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Sarasota Polo Club owners share what makes it so special

The game of polo has evolved over 2,500 years. Thanks to James and Misdee Miller, the sport lives on at the Sarasota Polo Club.

James and Misdee Miller continually try to find upgrades for the Sarasota Polo Club.
James and Misdee Miller continually try to find upgrades for the Sarasota Polo Club.
Photo by Jay Heater
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When the Sarasota Polo Club was established in 1991, Lakewood Ranch was still an outlandish idea conceived by Schroeder-Manatee Ranch to build communities in an area where only cows, coyotes and birds thrived. 

But, as the master-planned community began to grow, and development exploded all around the 158 acres of polo fields, it only seemed a matter of time before a developer would scoop up that land and build more houses. Fortunately for polo fans, that didn’t happen. Instead, James and Misdee Miller stepped forward to buy the Sarasota Polo Club in 2018. They wanted to preserve it as a polo facility for years to come. 

James, an avid, two-goal player and the former president of the Lexington (Kentucky) Polo Club, and Misdee, a fourth-generation horsewoman who competes in combined driving, coaching, and American Saddlebred competitions throughout the world, have put their love of the sport and their financial resources behind making the Sarasota Polo Club one of the top facilities in the United States.

As the 2023 season was about to begin, James and Misdee talked about their cherished facility and its future.

Despite all the added responsibilities of running the Sarasota Polo Club, James Miller says he still loves the sport.
Photo by Jay Heater
Would you have moved to Lakewood Ranch if the Sarasota Polo Club wasn’t here?

James: Probably not. A friend had told me about it and I specifically came down to see the club in 2003. In 2004, I played a tournament. The next season, I came back for a full season. We had been playing at the Villages.

Misdee: I was thinking that we had a perfectly good farm in Lexington. But James knew just how to do it. He brought me here in the dead of winter and I was staying at The Ritz.

What was it like in 2006?

James: Main Street at Lakewood Ranch was still quiet then. In 2006, the market was hot. Then everything hit the skids in 2007. That time was tough on Lakewood Ranch. Everyone lost their home values. The Polo Club went through tough times, too.

When did you begin to worry the Sarasota Polo Club might be lost?

James: Around 2015. The rumors were out there. Robin Uihlein had sold his managing ownership back to SMR. The writing was on the wall. We knew if that message (that the Polo Club might be sold and developed) got out to the community, it would make it hard to recruit new members. It was written into the covenants of the HOA that there could be a time in which the club could be shut down. 

That was a justified worry, right?

James: Everyone who wanted to buy it wanted to develop it. So, I asked Misdee, “If you love Sarasota and Lakewood Ranch, we have the means to purchase it. Is this where we want to spend the rest of our lives?” 

Misdee: I realized this was the place we love and a lifestyle we love. All right, here we go! 

Was it a tough start to your ownership?

James: Saving it was a relief to everyone, but when COVID hit, it was a gut punch. We’re still suffering from it now with supply chain problems. All our costs have gone up.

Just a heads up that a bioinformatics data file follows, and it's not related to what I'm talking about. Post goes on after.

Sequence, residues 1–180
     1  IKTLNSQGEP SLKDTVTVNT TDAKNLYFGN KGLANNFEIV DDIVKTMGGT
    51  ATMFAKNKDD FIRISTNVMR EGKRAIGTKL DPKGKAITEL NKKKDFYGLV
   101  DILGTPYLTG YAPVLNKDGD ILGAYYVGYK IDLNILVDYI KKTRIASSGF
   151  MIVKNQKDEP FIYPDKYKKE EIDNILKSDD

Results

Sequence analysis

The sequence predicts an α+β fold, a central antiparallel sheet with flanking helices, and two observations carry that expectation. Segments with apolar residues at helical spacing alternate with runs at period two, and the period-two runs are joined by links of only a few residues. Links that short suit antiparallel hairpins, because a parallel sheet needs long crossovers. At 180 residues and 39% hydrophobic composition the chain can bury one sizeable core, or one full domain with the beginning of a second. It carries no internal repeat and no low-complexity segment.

But didn’t you invest a lot of money into the club during those tough times?

James: Yes. It was important for the players to see. We got the turf improved; they could see how we irrigate the fields and how we built a safer exercise track (more than $1 million by itself). They saw improvements we wouldn’t have been doing if we weren’t committed to maintaining the club.

Sarasota Polo Club owner Misdee Miller often presents the colors before the start of Sunday matches.
Photo by Jay Heater
It seems you add something every year. This year it’s “The Hemingway,” a double-decker bus you imported from England. 

James: The Brits spread polo around the world, so there was a connection. The bus arrived from England this summer at the port in Jacksonville. It was supposed to be in top running condition, but it wasn’t. A couple of my friends who are mechanics fixed it and we drove it down here. 

Misdee: I thought, what has he done now? But it’s great.

You have gone through millions in upgrades. Going into your fifth season, should people be concerned that having a polo club on this property just isn’t viable?

James: We’ve been doing better than breaking even operationally. The first season I was concerned, for sure. Of course, you put capital in, and no, you don’t get the money you spend for capital improvements back. But Misdee and I do improvements incrementally. 

Can we expect a restaurant?

Misdee: That’s where I put my foot down. We can’t go into the restaurant business.

What do you foresee for the future? Can the Sarasota Polo Club survive after the Millers?

James: The Uihlein family built this 30 years ago. It was the handing off of the baton. We’re young enough that we have a lot of years left in us. It is unique to have a polo club entrenched in a thriving community and we had an opportunity to preserve something. We can give new life to it, a new meaning. So far, so good.

Misdee: I love it. It was something that needed to happen. Is there another James and Misdee Miller out there? I would like to think so.



Jay Heater

Jay Heater is the managing editor of the East County Observer. Overall, he has been in the business more than 41 years, 26 spent at the Contra Costa Times in the San Francisco Bay area as a sportswriter covering college football and basketball, boxing and horse racing.

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